By ODUNEWU SEGUN
WITH a total loan portfolio of about N13 trillion and a higher levels of Non-performing loans which rose sharply by 78 per cent year-on-year to N649.63 billion in 2015, Nigerian banks are on the edge of precipice unless a drastic measure is taken to curb the imminent danger in the sector.
Compounding the woes of these banks is the devaluation of the naira. With the naira officially exchanging for over N330 and going for as high as N400 at the parallel market, and 42 per cent of loans extended by the bank in dollars, their balance sheets are seriously bleeding.
Adducing reasons for the high non-performing loans, a source with a new generation bank who asked not to be named, said loans were given to some powerful Nigerians considered as “sacred cows” without tangible and verified collateral.
“They knew from day one that they wouldn’t pay because of internal connivance. These debtors had given part of the loan as gratification to some staff in order to circumvent the procedure. That is why many of them have no tangible collateral and there is no way you can force them to pay. On the long run, such loans are classified as bad debt. We have rescheduled and extended many of them. But the more you reschedule, the more you will be eating into your profit margin,” he said.
Speaking on the challenges, Chief Executive Officer of Financial Derivatives Limited, Rewane Bismarck, said the huge non-performing loans hanging on the necks of the banks may lead to a total collapse of the affected banks.
According to him with their profitability already affected by the dwindling economy, it may affect their liquidity and eventual solvency.
He, however, expressed the hope that the Federal Government’s stimulus package and other measures aimed at enhancing growth would work and help tackle the economic storm.
Also an economist, Prof. Pat Utomi, said good mergers and acquisitions strategy could help prevent crisis in the banking sector and avoid a regulatory risk.
“A good mergers and acquisitions strategy can prevent regulatory risk. A situation where the central bank will take action on a bank and there will be panic and everybody begins to run helter-skelter to withdraw their money is not good for a bank. If the fundamentals of a bank are beginning to get challenged, it is better a discussion is held with another bank and it is acquired. What creates a problem is regulatory risk.”
“There is concern around the evolution of banks’ capital adequacy if the naira continues to weaken,” the Chief Economist, Standard Chartered Africa, Razia Khan, said. She added, “As the naira weakens, FX loans are likely to be problematic.”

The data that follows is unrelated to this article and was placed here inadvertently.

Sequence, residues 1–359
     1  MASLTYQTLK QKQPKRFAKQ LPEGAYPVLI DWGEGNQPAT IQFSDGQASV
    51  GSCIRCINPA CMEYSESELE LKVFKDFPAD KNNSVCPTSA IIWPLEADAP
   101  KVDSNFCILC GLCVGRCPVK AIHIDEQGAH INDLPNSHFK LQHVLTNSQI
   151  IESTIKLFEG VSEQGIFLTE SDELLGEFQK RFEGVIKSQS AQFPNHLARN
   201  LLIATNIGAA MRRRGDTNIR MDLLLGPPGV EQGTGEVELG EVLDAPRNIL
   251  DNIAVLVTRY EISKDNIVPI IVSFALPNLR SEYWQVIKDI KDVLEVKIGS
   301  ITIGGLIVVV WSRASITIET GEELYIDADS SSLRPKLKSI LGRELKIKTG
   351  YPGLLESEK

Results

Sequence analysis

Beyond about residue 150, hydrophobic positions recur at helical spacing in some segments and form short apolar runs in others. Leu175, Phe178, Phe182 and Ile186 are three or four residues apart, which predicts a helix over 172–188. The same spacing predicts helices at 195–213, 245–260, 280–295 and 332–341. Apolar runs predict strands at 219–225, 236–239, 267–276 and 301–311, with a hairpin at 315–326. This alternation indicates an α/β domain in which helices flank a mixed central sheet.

Recall that since June after the devaluation of the naira, the currency has lost double that against the dollar. Overall, 42 per cent of loans extended by Nigerian banks are in dollars. If the naira falls far enough, it will force some banks to recapitalise in order to have enough naira to stay within financial stability limits.
As a means of cutting overhead costs, some banks have been laying off staff, closing branches and slashing earnings forecasts, but some are unlikely to survive the storm, analysts say.
According to London-based analysts Exotix, UBA, Diamond and Guaranty Trust Bank have the highest ratio of dollar loans at 50 per cent apiece. Diamond Bank declined to comment, while UBA and GTB said they saw no need for recapitalisation due to the devaluation of the currency.
Findings revealed that First Bank of Nigeria net profit fell from N86 billion in 2014 to N15 billion in 2015, following rising impairments on Nigeria’s economy, owing to falling crude oil prices.
First Bank is not alone as far as NPLs is concerned. Extracts of Union’s Bank financials presented at recently showed that NPL ratio grew from N9.9 billion in full year(FY) 2012 to N26.6 billion in first quarter (Q1) 2016.
Fidelity Bank’s total impairment charge in 2015 Financial Year (FY) was N5.7bn. The bank also wrote off N2.7b as bad loans in the 2015 financial year, while its gross earnings dropped by 2.6 per cent in its unaudited results for the half year ended June 30, 2016.
For FCMB, it is already planning to raise between 10 and 15 billion of Tier II capital to boost its balance sheet and will target its retail investors for the offering.
According to its CEO, Ladi Balogun, FCMB capital adequacy ratio was close to the regulatory limit of 15 percent of assets at mid-year, and that it was undertaking the capital raising to provide an additional cushion.
Also as part of shoring up its capital base, Diamond Bank recently said it was considering raising fresh capital and selling some assets in order to strengthen its capital base. Diamond Bank’s capital adequacy ratio had fallen to 15.6 percent of assets by mid-year from 18.6 percent a year ago.